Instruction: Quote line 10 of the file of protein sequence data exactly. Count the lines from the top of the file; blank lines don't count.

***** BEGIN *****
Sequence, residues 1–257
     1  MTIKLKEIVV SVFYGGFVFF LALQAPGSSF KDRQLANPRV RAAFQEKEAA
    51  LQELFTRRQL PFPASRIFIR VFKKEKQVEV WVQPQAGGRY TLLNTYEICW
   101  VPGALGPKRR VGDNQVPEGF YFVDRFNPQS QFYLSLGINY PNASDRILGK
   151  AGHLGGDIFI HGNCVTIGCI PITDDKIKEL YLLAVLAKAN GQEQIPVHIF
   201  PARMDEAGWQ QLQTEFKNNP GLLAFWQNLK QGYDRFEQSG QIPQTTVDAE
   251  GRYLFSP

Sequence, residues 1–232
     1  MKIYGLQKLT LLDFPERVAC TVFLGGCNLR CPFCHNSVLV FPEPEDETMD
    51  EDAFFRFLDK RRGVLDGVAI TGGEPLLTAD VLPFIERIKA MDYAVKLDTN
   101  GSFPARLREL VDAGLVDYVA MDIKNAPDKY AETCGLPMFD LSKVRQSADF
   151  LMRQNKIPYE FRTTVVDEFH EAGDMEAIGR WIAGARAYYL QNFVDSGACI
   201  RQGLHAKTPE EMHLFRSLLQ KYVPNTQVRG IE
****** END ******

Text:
    51  EDAFFRFLDK RRGVLDGVAI TGGEPLLTAD VLPFIERIKA MDYAVKLDTN